During the Great Depression, support was harder to obtain, so that opportunity costs were lower. However, marginal products also were very low. Thanks to the Dust Bowl, the marginal product of a farm worker might have been less than what he would need to feed himself. In that case, the problem is the real marginal product, not the money wage. There are people who are employed and who can eat, and there are inframarginal farm owners who can supply food, but the former farm laborers caught in the coordination failure cannot find jobs that will feed themselves.

Comments and Sharing

CATEGORIES: Macroeconomics

COMMENTS (8 to date)
Lord writes:

But if barbershop quartets were all the rage, selling out, and generating large incomes, those young people might be induced to try forming a group. Until then, though this might be a possibility, it remains just another thing to try, one of many, but all with low probability. Increasing the money supply is just what separates the wheat from the chaff, those opportunities that are really profitable from those that are marginal, and stimulate the willingness to experiment and try in the first place. The question is where are those highly profitable opportunities. If there are none, it is because money is too tight, because even if technology has hit a wall and no appealing opportunities exist, the willingness to experiment and develop such opportunities won't cease.

Allan Webb writes:

Interesting that you would use a barbershop quartet metaphor. Under normal circumstances, quartets don't have the ability to make any significant dollars (certainly not enough for all four members to live on), but do it for their own enjoyment and the occasional paid gig (money which goes towards expenses like uniforms, traveling to contests, etc).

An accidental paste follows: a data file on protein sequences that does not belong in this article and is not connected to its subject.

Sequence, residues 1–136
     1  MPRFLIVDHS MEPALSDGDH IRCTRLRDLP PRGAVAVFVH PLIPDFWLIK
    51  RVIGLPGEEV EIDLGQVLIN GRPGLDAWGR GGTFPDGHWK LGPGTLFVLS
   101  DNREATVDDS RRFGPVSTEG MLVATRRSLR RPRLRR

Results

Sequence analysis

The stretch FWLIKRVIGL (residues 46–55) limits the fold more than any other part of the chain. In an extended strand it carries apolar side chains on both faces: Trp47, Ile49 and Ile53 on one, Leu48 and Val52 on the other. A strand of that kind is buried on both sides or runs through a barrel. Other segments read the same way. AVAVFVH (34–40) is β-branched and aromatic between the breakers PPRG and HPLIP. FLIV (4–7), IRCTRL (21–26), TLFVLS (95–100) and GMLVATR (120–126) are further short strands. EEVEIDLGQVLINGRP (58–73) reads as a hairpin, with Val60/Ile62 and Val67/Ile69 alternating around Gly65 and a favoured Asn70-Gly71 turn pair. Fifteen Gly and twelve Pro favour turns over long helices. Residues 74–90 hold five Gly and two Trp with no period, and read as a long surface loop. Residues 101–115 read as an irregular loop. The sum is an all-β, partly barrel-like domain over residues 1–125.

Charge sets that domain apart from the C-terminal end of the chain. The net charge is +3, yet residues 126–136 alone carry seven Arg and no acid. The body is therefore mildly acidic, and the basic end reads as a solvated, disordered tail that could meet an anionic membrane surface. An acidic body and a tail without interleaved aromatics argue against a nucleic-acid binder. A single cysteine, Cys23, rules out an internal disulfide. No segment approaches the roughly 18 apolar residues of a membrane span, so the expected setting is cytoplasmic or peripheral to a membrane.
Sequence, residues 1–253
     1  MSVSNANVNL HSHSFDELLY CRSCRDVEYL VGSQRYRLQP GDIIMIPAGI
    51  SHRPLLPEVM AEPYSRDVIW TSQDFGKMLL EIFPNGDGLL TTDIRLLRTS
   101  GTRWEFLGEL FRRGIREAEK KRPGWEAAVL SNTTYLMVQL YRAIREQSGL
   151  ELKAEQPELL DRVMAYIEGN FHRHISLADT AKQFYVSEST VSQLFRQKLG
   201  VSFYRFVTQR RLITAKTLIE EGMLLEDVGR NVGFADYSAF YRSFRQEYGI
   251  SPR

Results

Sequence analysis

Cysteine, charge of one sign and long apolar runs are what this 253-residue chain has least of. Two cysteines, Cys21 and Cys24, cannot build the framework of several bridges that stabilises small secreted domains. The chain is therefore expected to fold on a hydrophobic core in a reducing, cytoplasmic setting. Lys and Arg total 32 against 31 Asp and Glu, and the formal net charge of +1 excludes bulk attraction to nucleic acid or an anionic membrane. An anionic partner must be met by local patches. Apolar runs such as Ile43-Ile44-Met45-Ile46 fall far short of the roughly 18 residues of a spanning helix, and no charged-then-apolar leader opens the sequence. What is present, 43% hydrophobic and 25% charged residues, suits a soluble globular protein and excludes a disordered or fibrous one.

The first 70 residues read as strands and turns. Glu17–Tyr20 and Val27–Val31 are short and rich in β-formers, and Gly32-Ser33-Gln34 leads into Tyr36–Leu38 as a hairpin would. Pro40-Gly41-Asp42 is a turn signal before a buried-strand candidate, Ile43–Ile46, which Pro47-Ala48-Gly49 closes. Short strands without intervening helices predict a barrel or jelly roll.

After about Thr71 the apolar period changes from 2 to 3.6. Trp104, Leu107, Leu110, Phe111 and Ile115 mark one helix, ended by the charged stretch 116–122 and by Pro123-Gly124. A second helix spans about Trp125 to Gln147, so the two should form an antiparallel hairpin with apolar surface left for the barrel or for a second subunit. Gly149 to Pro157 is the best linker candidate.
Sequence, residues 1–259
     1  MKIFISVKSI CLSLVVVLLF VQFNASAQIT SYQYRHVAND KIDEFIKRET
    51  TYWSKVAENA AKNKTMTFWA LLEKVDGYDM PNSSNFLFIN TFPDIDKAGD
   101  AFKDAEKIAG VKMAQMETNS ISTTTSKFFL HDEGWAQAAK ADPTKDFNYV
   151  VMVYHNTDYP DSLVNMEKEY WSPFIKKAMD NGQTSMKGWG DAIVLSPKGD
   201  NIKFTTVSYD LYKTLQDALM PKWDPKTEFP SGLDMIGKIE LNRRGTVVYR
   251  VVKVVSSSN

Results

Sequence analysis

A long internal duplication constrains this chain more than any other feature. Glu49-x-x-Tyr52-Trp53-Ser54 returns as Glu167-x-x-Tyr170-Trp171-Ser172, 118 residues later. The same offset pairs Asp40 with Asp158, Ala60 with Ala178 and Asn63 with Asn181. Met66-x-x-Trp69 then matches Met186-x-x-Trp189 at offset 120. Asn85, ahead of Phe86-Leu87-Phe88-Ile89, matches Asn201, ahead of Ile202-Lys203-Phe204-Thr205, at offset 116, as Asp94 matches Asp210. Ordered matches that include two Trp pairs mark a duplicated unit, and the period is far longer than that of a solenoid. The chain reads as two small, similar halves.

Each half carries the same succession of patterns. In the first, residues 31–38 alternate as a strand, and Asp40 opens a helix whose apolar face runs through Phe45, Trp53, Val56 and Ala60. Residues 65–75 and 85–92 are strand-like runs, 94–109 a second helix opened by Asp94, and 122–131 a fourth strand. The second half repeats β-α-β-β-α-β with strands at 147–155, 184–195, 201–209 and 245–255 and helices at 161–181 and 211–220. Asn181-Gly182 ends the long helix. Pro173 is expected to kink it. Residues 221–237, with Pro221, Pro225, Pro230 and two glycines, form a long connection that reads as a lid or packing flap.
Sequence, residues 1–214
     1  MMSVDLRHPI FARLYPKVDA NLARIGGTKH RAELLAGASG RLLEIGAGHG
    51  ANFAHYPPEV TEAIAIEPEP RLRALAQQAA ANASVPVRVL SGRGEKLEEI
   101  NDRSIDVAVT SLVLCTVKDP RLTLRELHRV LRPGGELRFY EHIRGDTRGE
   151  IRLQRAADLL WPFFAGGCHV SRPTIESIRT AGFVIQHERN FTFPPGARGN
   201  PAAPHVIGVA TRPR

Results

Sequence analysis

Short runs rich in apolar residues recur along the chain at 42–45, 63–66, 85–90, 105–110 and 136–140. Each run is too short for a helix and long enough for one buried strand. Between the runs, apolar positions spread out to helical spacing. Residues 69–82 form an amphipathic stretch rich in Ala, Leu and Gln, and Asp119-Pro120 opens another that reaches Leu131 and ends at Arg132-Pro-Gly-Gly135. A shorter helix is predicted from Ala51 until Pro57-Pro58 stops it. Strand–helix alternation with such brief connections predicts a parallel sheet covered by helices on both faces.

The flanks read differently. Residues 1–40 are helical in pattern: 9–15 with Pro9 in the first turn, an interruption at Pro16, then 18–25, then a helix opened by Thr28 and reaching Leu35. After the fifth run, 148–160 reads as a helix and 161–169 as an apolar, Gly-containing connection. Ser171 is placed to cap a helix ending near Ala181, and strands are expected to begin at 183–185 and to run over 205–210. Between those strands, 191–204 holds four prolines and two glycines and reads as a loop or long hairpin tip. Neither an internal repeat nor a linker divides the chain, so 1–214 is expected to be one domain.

Recently, though, a quartet from the UK was signed to a 1M pound contract by the UK division of Arista Records. This was not something that the quartet had in mind; they were just doing the same things that quartets all over the world do, with no expectation of a big payday. Yet big money suddenly appeared "out of the blue", as it were.

Two Things writes:

Prof. Kling,

I'm glad you're writing your posts and I hope some of the people you're writing for will "get it."

When I read that Bill Woolsey quote:

[if] we see lower demands for nearly all goods, low hires everwhere, low vacacancy rates, reduced production of everything, we _must_ have an excess demand for money.

I'm no more persuaded than you are. Low demand for goods and services in general stems not from a shortage of money as such, but from prospective buyers' lack of (desirable) goods/services to exchange. For many workers, it's that no one really wants them to do their old jobs (e.g., hang drywall in Scottsdale).

I find it interesting that so many people, even Ph.D. economists, are confused about money. Hardly anyone really wants (fiat) "money," especially not in the crude sense of little slips of colored paper. They want real goods and services. Money is a means, not an end, for most people. Without money we almost couldn't have division of labor so we'd all be much, much poorer, but money is still a tool, a mechanism, not something with intrinsic worth.*